resilience reporter

resilience starts with information

Climate Extremes: the New Norm

How to Limit Nature’s Impact on the Supply Chain

These are just a few examples of the types of natural disasters the world has experienced in the last 12 months. With California still reeling from the catastrophic impact of the recent wildfires, it is increasingly evident that natural disasters are becoming a regular occurrence.

It seems that the world is set to experience increasing disruption from natural disasters with recent climate change data shared by the UN suggesting the regularity of such disasters is set to continue and might even get worse. The UN’s report also suggests that a global effort to reduce greenhouse gas emissions is our best hope if we have any chance of lowering the rate at which natural disasters take place…

 

New disaster resilience strategy a first for Queensland

A Queensland-first strategy on disaster resilience is a feature of the updated Local Disaster Management Plan endorsed by Sunshine Coast Council today (December 6).

The four-year plan’s primary focus is ensuring the safety of the Sunshine Coast community and builds on the previous 2015-2018 plan.

Local Disaster Management Group (LDMG) chair Mayor Mark Jamieson said the aims of the Local Disaster Management Plan 2019-22 were to preserve lives and prevent injuries, mitigate property damage and protect our environment.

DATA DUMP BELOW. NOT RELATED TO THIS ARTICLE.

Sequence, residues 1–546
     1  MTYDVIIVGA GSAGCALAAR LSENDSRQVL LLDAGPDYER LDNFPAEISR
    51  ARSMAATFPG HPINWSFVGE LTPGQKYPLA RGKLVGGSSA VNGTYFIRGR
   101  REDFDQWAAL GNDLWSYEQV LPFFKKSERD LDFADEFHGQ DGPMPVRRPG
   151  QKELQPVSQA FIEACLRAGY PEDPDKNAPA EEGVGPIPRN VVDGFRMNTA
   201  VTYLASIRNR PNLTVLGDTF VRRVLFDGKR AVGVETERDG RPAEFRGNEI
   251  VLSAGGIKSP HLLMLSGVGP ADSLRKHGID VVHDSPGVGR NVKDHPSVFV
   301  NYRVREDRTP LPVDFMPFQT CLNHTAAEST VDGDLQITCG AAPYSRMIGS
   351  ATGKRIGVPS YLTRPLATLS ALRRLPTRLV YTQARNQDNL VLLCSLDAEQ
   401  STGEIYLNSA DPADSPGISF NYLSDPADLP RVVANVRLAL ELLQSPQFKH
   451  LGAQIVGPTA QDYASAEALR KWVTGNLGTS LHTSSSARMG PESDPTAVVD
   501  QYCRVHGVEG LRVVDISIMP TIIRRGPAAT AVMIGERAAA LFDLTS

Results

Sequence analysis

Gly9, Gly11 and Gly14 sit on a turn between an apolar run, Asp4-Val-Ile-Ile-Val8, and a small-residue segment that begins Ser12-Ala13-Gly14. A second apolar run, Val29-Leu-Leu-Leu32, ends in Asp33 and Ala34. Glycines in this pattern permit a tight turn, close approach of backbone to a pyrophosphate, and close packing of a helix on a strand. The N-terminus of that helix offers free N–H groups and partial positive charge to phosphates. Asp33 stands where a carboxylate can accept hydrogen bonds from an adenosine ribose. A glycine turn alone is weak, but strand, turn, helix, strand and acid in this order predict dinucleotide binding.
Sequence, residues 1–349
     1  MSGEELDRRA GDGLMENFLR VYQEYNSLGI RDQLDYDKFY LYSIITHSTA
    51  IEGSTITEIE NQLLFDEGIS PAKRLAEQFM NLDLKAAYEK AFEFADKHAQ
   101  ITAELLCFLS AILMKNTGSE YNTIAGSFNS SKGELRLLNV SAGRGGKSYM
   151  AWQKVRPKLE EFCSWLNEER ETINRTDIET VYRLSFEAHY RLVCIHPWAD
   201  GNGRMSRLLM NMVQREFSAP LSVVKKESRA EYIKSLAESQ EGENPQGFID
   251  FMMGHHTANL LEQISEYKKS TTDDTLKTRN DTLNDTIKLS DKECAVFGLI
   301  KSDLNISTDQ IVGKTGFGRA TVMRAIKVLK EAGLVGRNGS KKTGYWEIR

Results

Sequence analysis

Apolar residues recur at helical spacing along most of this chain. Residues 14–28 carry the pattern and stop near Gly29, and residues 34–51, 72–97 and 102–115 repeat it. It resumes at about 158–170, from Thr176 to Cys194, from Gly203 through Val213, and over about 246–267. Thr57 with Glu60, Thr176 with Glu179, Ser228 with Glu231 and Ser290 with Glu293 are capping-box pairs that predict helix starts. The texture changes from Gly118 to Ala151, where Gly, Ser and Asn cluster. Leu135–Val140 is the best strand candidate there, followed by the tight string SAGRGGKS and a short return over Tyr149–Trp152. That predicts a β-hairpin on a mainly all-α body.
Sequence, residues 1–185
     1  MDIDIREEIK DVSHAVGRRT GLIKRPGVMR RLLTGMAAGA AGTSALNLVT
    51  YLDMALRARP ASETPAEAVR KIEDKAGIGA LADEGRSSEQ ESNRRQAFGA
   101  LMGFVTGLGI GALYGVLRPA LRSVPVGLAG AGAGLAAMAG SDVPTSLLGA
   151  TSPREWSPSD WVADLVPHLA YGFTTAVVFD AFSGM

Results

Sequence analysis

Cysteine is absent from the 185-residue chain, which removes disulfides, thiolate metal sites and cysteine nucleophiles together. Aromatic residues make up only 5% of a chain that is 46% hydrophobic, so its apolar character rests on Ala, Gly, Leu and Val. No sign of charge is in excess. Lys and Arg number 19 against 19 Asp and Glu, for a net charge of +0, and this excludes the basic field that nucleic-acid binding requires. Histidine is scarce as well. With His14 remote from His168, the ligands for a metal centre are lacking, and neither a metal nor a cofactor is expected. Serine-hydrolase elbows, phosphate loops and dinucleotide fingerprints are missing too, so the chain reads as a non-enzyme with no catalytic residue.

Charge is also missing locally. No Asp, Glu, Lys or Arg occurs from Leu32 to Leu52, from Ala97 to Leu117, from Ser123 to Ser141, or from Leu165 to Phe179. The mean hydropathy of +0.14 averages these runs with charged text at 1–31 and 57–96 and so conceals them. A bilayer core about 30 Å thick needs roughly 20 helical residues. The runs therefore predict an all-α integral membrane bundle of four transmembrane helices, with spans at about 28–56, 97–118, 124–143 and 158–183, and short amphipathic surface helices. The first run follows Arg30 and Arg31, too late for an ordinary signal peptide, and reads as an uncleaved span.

“Our highest priority in disaster situations is always the safety and well-being of our 320,000 residents, along with the millions of visitors to the Sunshine Coast each year,” Mayor Jamieson said.

“Our Sunshine Coast LDMG, council and our partner agencies are at the forefront of managing disasters that occur in our region and in preparing and educating our community about potential disaster events….

 

Climate Extremes: the New Norm

captain

Paul Wellman (file) Captain Neil Black with CALFIRE

As the search continues for the residents of the fire-ravaged Paradise, California, it is clearer than ever that climate is changing in ways that spur unforeseen and devastating natural disasters, such as wildfires, droughts, record-breaking temperatures, mudslides and floods. The tragedies Californians are now experiencing align with the global trend of climate related natural disasters steadily rising over the past few decades. In 1980, there were 200 extreme weather events that caused widespread destruction and human death around the globe; in 2016 the number of such events more than tripled to over 700…

 

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